THIS IS WHERE I LEAVE YOU
Reviewed for Shockya by Harvey Karten. Data-based on Rotten Tomatoes
Director: Shawn Levy
Screenplay: Jonathan Tropper, novel by Jonathan Tropper
Cast: Jason Bateman, Tiny Fey, Jane Fonda, Adam Driver, Rose Byrne
Screened at: Warner Screening Room, NYC, 9/2/14
Opens: September 19, 2014
We’re all familiar with mother-in-law jokes but a recent family gag is this: An obituary notes that the gentleman at the moment of death “was surrounded by his family, and also by his loved ones.” You choose your friends, not your family. Does this mean that you will like your friends more than your own kin? It’s likely, especially since you can, without bad conscience, move to another location and desert your pals. You can do the same with family, not seeing your folks for years on end, but the absence may make you feel guilty. Such is the case with the Altman circle, two generations (three if you add the little kid, Cole (Cade Lappin) who carries his portable potty around as though it were a security blanket). The key expression thrown about particularly by middle-aged Judd Altman (Jason Bateman) is “it’s complicated.” While not original, it best describes the movie thematically, a picture that is based on Jonathan Tropper’s novel, which deals with the Foxman family—name changed by screenwriter Tropper, adapting his own book, to Altman.
“This is Where I Leave You” is the kind of movie that dares you not to identify with at least one of the characters. Family blood notwithstanding, everyone in the Altman family is an individual. So, which one are you? Could you be Judd Altman, who anchors the story, a man who is now jobless since he caught his boss, Wade Beaufort (Dax Shepard) in bed with his wife Quinn (Abigail Spencer)? Might you identify with Wendy Altman (Tina Fey), the family sister who has shaped the destinies of her sibs, a bossy woman but one in a loveless marriage? How about Paul Altman (Corey Stoll) whose cell phone vibrates each time his wife is ovulating, a woman who loves her husband but, looking around at how everyone appears to have a child or two is climbing the walls with envy and frustration?
If you’re particularly lucky, you will relate to the family matriarch, Hillary (Jane Fonda), a psychologist who is about to go on a book tour, and in the typical Jane Fonda fashion is free of repressions. She thinks nothing of embarrassing one of her brood by announcing penis anecdotes, will certainly not cover up her “bionic” breasts when her more repressed son Judd turns red with embarrassment, and has a surprise in store for the family during the concluding moments. In one scene she implicitly compares a family member to her newly departed husband who, she reminds all, was “hung.”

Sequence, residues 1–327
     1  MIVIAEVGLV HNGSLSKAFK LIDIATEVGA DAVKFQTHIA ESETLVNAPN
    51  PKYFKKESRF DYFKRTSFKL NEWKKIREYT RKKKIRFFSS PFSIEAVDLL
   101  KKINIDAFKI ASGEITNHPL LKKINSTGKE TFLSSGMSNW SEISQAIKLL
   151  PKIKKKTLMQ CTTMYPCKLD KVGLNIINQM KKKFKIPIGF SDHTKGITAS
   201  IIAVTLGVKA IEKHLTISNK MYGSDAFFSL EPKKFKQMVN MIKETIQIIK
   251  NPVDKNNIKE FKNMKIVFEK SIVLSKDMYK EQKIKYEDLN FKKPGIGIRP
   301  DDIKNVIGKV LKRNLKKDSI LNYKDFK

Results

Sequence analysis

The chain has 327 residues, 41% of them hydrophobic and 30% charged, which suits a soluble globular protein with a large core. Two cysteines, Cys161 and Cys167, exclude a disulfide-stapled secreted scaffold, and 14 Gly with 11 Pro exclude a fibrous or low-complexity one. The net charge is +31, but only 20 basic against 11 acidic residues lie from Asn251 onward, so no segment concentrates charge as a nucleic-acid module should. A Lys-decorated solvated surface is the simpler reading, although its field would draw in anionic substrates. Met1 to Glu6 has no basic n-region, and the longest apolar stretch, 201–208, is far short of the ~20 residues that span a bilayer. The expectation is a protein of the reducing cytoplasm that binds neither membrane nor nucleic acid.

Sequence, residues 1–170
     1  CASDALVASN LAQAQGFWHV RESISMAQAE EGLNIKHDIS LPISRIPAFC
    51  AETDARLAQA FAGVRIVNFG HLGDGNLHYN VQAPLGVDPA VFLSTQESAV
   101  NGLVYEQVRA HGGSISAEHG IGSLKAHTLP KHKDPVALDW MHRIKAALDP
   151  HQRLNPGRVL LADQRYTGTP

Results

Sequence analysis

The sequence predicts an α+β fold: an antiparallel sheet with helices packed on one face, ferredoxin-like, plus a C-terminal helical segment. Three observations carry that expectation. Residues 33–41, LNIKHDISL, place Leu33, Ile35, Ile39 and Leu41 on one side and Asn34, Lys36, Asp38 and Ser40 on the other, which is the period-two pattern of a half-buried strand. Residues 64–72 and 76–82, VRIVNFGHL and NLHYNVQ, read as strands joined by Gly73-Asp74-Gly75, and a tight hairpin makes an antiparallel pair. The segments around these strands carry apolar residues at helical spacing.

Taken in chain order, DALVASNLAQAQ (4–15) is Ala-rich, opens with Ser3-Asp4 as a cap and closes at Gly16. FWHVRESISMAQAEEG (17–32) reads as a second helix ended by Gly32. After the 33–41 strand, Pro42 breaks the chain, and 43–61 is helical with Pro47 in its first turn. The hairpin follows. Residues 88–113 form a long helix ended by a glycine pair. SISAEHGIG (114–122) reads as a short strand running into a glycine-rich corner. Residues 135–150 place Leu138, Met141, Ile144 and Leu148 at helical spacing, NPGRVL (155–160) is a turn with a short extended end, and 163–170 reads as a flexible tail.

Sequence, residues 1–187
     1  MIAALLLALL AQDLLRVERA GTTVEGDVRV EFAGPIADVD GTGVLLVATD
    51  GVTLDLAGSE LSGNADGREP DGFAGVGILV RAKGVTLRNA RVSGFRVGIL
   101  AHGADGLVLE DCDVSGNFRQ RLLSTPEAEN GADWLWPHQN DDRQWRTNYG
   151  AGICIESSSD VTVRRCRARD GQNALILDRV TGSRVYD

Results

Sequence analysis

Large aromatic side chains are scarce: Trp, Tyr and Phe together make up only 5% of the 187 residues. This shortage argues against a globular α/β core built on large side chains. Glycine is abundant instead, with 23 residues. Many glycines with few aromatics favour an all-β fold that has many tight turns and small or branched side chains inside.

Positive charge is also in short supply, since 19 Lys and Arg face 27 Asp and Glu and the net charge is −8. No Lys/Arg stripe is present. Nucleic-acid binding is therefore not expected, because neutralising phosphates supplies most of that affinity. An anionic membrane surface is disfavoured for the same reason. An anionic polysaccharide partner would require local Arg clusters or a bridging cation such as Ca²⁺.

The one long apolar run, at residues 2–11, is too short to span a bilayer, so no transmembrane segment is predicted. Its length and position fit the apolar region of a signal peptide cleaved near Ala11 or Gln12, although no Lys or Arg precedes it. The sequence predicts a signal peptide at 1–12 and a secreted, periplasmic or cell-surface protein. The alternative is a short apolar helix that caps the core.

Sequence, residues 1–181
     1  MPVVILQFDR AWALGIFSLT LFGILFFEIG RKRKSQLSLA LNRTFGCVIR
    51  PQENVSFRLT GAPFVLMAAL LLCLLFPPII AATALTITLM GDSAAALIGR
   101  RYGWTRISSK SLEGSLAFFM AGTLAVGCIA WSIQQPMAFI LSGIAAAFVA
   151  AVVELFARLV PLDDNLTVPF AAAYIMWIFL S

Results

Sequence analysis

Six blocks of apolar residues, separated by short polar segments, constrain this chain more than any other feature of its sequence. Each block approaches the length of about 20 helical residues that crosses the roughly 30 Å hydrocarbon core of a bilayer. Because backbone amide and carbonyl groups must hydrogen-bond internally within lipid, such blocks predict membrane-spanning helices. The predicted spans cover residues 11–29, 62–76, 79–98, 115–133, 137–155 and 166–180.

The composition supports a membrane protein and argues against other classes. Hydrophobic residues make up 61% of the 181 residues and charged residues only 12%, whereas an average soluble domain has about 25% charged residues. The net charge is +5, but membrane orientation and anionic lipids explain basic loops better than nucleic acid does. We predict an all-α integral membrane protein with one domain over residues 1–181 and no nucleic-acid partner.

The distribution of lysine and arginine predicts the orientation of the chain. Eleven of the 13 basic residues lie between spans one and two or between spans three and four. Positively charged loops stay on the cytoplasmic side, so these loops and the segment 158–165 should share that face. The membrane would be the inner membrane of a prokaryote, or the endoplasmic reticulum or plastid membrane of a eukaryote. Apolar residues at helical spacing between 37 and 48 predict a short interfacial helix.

It’s likely that the Altman circle would not have been brought together were it not for Hillary’s husband’s death and the requirement that Jews get together for shiva (Hebrew for “seven) for one week under the same roof (filmed by Terry Stacey in Great Neck). Never mind that dad was an atheist and mom was not Jewish at all. But this is not a claustrophobic experience: the individuals peel out for reasons of their own: Judd, to get together with his high-school crush Penny Moore (Rose Byrne), an ice skating teacher, Phillip Altman (Adam Driver), who has a good business sense and heads around town in his Porsche—but is the family immature jerk, and Wendy, who in a maternity clinic shows her skill with a solid left hook.
For a movie to involve an audience, the family should have universal resonance, and how could this not? After all, just about every character trait short of serial murder is covered by this large group. Still, while this is billed as a dramatic comedy, there are no big laughs and few tears, much of the action simply plowing ahead with considerable melodrama, a few comic situations, and much soul searching about what might have been. This is a switch for its director, Shawn Levy, better known to the public for his raucous comedy “Night at the Museum: Battle of the Smithsonian” in 2009 and mock detective drama “Pink Panther.”
Rated R. 103 minutes. © 2014 by Harvey Karten, Member, New York Film Critics Online
Story – B-
Acting – B+
Technical – B
Overall – B